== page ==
Photos: Schmidt Peterson Motorsports

IndyCar: Schmidt Peterson Motorsports expands mentoring program for tech school students

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IndyCar team Schmidt Peterson Motorsports announced today that it is extending and widening a unique sponsorship and mentoring program with students from Lincoln Technical Institute.

The program began last year, with students from several Lincoln Tech branches attending select IndyCar events for an entire race weekend.

The students, primarily from auto and diesel training programs, got an insiders experience with the team, taking part in team meetings, watching team workers prepare and service the No. 5 Arrow Electronics Honda of driver James Hinchcliffe, sat on pit boxes during practices, qualifying and, of course races.

The overall experience was to get students more interested and involved in potential careers in the IndyCar field.

“We said at the beginning of last season that we knew our students would benefit and learn from the professionalism and drive of the Schmidt Peterson Motorsports team,” Lincoln Tech President and CEO Scott Shaw said. “But the experience they received working with the entire pit crew team and in particular crew member Cole Jagger – a Lincoln Tech graduate himself – went beyond even our own expectations.

“We were grateful for the time they spent mentoring our students, and we are thrilled to once again be part of the racing legacy of team owners Sam Schmidt and Ric Peterson.”

Lincoln Tech will also once again serve as an associate sponsor on Hinchcliffe’s car for the entire 2018 IndyCar season.

Students are selected based upon grade point average, attendance, conduct and overall commitment to becoming outstanding automotive technicians. An interest in IndyCar and a desire to work in the industry is also considered.

One student that took part last season, Tyler Crist of Lincoln Tech’s Denver campus, joined the team at the IndyCar race in Long Beach last April, watching as Hinchcliffe won the event.

“It was the best weekend of my life,” Crist said after the event. “It reminded me of why I joined this field in the first place and to never give up on my dreams.”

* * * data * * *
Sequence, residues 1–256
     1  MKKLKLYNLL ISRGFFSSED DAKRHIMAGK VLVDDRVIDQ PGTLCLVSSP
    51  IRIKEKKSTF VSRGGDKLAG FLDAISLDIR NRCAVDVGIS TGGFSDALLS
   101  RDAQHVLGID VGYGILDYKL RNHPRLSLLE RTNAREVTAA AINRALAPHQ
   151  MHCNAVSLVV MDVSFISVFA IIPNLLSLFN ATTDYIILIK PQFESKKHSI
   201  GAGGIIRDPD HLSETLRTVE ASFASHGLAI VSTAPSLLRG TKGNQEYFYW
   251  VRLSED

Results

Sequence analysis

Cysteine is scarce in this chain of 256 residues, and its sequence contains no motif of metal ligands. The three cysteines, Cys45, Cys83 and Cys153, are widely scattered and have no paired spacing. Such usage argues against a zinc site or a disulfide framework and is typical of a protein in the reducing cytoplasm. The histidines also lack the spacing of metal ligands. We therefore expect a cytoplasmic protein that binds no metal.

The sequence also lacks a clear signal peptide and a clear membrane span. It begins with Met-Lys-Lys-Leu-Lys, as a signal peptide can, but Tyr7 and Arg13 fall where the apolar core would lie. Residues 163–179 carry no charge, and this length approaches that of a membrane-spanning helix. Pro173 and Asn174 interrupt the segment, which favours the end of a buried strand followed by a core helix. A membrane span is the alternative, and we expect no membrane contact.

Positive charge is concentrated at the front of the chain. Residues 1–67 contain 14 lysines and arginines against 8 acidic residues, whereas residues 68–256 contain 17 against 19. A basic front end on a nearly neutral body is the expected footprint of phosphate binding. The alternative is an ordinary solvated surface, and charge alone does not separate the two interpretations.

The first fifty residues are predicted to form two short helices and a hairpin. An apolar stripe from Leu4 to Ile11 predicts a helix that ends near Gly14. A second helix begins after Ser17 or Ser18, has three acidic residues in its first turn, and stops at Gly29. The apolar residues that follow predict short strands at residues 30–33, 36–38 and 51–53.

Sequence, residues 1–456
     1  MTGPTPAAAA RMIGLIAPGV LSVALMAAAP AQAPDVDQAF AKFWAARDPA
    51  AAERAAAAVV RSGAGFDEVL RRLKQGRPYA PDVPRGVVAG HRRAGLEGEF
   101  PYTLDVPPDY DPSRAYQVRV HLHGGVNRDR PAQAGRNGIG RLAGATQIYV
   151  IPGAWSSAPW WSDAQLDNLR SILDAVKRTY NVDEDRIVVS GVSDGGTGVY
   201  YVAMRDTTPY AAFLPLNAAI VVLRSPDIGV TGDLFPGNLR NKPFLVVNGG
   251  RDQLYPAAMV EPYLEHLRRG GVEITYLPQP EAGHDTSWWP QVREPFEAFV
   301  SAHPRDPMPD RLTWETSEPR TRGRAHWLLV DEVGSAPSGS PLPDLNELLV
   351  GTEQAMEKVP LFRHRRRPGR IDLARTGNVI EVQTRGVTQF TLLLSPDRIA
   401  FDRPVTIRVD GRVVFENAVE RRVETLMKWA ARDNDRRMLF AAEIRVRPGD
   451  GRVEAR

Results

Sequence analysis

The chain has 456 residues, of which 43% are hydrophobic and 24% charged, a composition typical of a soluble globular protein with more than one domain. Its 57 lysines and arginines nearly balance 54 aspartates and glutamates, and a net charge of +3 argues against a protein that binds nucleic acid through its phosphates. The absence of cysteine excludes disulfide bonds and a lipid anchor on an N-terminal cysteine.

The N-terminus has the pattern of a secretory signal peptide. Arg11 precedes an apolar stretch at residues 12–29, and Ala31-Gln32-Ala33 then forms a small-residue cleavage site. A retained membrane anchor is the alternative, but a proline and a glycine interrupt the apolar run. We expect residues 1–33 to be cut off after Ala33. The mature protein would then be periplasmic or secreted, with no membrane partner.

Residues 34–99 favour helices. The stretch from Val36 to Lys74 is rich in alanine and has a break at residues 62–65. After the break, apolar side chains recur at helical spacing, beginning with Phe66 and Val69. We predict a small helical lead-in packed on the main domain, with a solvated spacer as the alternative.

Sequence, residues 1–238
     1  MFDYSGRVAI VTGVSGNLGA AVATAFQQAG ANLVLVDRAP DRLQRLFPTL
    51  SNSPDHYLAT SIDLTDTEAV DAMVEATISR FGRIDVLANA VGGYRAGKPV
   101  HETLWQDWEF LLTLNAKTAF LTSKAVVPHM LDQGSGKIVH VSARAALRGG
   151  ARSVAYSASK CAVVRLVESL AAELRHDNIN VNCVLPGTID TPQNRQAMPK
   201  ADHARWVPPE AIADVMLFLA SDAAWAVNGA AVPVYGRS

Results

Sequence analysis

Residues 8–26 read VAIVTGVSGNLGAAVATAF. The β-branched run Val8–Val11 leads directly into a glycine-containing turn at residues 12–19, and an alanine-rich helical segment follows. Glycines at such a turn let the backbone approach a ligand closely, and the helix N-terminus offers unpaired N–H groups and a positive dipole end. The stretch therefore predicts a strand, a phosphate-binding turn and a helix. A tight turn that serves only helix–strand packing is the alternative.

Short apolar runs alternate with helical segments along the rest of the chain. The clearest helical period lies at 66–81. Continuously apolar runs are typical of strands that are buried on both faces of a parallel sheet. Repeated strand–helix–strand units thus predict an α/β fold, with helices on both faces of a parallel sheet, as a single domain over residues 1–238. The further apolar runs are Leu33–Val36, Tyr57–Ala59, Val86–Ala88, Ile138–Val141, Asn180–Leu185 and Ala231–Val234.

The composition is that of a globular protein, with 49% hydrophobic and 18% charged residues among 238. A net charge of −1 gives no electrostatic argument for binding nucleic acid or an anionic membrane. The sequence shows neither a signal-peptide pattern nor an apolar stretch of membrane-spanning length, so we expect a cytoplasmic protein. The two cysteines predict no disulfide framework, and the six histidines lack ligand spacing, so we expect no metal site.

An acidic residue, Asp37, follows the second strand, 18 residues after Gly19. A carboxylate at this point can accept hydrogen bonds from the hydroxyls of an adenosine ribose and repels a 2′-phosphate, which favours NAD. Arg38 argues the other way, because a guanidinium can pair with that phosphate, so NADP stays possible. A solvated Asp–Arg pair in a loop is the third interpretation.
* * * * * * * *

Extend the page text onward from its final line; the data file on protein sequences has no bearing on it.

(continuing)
Jagger will oversee the mentoring program this season. For Jagger, being involved especially hits home, as he is a graduate of Lincoln Tech’s Indianapolis campus.

“I totally enjoyed working with the Lincoln Tech students that participated in the Mentor Program last year and look forward to meeting this year’s group,” Jagger said. “Being a Lincoln Tech grad, I hope the students realize that if you have a passion for cars, a career in racing is something that’s not out of reach. If I can be an example for them to follow, that makes it even more rewarding.”

In addition to the at-track activities of the mentoring program, the Lincoln Tech branch in Indianapolis will utilize CNC computerized machining and manufacturing tools to assist in creating car parts for SPM.

“Through this unique partnership, we’re able to hopefully find the next class of talent that could one day be part of our organization,” SPM president Jon Flack said. “We’re looking forward to another year of the mentorship program and having their students be ‘boots on the ground’ gaining real-life experience with our team.”

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Rahal determined to regain winning touch in 2019 IndyCar season

Photo by Shawn Gritzmacher, INDYCAR
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AUSTIN, Texas – Graham Rahal entered the room with a smile on his face and a chip on his shoulder.

It was IndyCar “Media Day” and Rahal wasn’t happy with the way last season went at Rahal Letterman Lanigan Racing. He was less happy with the fact some aren’t considering him a serious threat in 2019. He playfully chided with one media outlet for failing to mention his team as one to watch in 2019.

“We use that as motivation to show everybody how we are viewed,” Rahal said. “We are here to win.”